It sucks when people get hurt.
Today in my class at Frontsight, an experienced student received a self-inflicted gunshot wound (GSW) due to a negligent discharge upon presentation of the firearm to the target. The student fell to the ground due to a wound in his right leg, and lay there motionless in considerable pain. I was impressed by the number of experienced medical professionals who attend Frontsight as students, because within seconds, the student was being attended to by paramedics, an ER doctor and two trauma surgeons who happened to be taking a course on an adjacent range. The student was transported to an area hospital and was apologetic for the event. I wish him a speedy recovery. I would also like to extend thanks to the very cohesive cadre of people who rendered aid.
Immediate Action Medical response – another skill to learn and practice
I don’t want to go into an after action or incident report here… Frontsight has been upfront about this incident in their safety reports located here (it is #13), and I should note that they beat me to the post, which is good on them. I do want to take this opportunity to point out something that became clear to me as a result of witnessing the events unfold. It is clear to me that the vast majority of firearm owners focus on gear first, tactics second, and mindset third. After today, I am a firm believer that there is a fourth area that every gun owner should focus on and that is gunshot wound care. Mistakes happen, even to the best of us, and if you carry a gun, you need to be prepared to deal with the consequences of using it. Frontsight does an excellent job of handling equipment, tactics and mindset and even goes into fairly in-depth criminal and civil liability, but only a handful of firearms schools say anything about how to deal with gunshot wounds.
Please take a moment to watch these videos, as I explain why I think training for gunshot wound management this is such an important topic. They are a bit rough and have general pics taken from the day, but contain no gore or objectionable material.
Medical training items to consider:
You’ve paid for the equipment, you’ve paid for the ammo, and you know how to employ it. How much medical gear do you have and more importantly, how much training do you have using it? I hate to say it, but a novice should plan to invest at least four days in training to expect to become reasonably proficient. Heck, In college, I spent over 160 hours training to be an EMT, and by the time I finished I was trained to barely do more than drive the rescue! (that’s a joke, but the point is that it is a serious and complicated subject that demands a good investment of time on your part to become comfortable with)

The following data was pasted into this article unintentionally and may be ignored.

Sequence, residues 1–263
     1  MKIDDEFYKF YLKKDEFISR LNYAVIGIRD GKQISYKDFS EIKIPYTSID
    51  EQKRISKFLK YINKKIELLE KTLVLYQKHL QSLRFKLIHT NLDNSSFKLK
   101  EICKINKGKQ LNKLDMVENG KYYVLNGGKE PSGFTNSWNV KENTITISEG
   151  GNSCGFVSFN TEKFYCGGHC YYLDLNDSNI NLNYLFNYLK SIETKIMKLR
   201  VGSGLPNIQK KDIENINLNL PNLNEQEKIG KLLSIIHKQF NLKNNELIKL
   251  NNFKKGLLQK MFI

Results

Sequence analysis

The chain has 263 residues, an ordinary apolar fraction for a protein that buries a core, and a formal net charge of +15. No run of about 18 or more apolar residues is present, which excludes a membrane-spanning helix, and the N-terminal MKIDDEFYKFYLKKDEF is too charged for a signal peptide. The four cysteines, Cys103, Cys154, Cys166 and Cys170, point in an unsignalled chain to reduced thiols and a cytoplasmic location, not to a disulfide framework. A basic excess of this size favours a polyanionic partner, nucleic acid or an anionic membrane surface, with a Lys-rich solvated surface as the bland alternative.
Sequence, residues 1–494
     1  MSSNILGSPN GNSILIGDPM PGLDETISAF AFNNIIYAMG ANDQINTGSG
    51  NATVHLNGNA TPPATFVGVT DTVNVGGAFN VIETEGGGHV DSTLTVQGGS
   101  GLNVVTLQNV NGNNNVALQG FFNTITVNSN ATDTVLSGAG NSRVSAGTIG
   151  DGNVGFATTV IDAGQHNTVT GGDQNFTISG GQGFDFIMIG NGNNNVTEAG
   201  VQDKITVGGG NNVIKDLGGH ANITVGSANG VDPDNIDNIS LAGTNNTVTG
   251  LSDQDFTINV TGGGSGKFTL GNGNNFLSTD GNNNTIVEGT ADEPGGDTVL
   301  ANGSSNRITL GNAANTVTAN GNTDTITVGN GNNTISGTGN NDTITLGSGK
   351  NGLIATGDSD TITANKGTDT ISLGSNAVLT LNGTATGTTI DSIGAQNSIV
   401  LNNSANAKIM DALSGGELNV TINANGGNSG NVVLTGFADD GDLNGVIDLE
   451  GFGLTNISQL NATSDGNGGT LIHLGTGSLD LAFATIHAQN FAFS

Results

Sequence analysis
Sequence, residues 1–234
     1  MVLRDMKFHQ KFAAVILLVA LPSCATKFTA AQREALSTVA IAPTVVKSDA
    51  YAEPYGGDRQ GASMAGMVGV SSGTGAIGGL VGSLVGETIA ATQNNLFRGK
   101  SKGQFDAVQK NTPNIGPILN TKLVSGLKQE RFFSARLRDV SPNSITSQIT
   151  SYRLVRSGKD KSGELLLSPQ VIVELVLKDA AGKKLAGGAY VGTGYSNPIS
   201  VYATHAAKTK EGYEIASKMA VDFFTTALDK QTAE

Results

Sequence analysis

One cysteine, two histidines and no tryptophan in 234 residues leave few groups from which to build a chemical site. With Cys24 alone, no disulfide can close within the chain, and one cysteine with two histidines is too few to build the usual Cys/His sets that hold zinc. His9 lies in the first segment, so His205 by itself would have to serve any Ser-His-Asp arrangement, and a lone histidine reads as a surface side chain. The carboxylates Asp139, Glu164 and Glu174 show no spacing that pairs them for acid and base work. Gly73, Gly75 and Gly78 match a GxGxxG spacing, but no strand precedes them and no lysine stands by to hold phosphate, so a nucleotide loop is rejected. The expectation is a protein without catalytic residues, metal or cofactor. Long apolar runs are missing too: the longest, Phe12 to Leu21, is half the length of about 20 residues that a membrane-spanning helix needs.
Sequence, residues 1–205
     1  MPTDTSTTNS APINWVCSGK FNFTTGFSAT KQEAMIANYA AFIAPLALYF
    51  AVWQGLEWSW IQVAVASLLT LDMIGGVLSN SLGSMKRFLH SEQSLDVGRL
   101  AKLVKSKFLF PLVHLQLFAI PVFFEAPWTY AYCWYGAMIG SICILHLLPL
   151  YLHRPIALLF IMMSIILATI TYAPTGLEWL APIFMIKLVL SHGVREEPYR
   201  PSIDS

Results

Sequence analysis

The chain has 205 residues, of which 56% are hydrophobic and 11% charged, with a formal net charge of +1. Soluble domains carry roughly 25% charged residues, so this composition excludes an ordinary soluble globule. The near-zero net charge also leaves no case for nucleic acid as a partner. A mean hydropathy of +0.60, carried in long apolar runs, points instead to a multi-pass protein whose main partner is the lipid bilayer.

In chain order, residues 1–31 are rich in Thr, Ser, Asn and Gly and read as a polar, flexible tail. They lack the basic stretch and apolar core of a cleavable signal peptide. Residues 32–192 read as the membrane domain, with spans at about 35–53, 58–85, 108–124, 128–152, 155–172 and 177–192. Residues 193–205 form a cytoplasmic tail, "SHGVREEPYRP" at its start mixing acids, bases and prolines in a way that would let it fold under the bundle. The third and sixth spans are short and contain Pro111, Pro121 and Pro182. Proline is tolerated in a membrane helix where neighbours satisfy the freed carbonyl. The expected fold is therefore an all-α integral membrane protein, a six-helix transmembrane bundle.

Also, you may be asking yourself, should I buy a pre made kit or buy it piece by piece? here’s my thoughts… kits are nice, but I want you to learn HOW to use the items in it, and often times when you just buy a kit, you get a false sense of security… possessing the kit does not impart the knowledge to use it automatically! Here is a short list of things you might consider to get you started:
This is the kit I keep with me everywhere I go (more or less). I recommend you consider carrying one as well. This incident has caused me to take another look at the items I carry in my immediate action medical pouch… but this video is a short overview of what I had with me the day this took place. If I had been on my own, it would be better than nothing, but not by much!
Consider adding these concepts or items to your arsenal
Training: Although I have not been to Yeager’s training, I have heard from firsthand sources that the Immediate Action Medical course is of high value.
double disclaimer: This site contains Amazon links. If you buy something thru an Amazon link, Amazon throws me some pennies, and occasionally some quarters for sending you their way.
Disclaimer: I should state that I have attended over 50 cumulative days of training at Frontsight in the last three years, and that I feel that for the most part Frontsight runs a very tight ship safety-wise.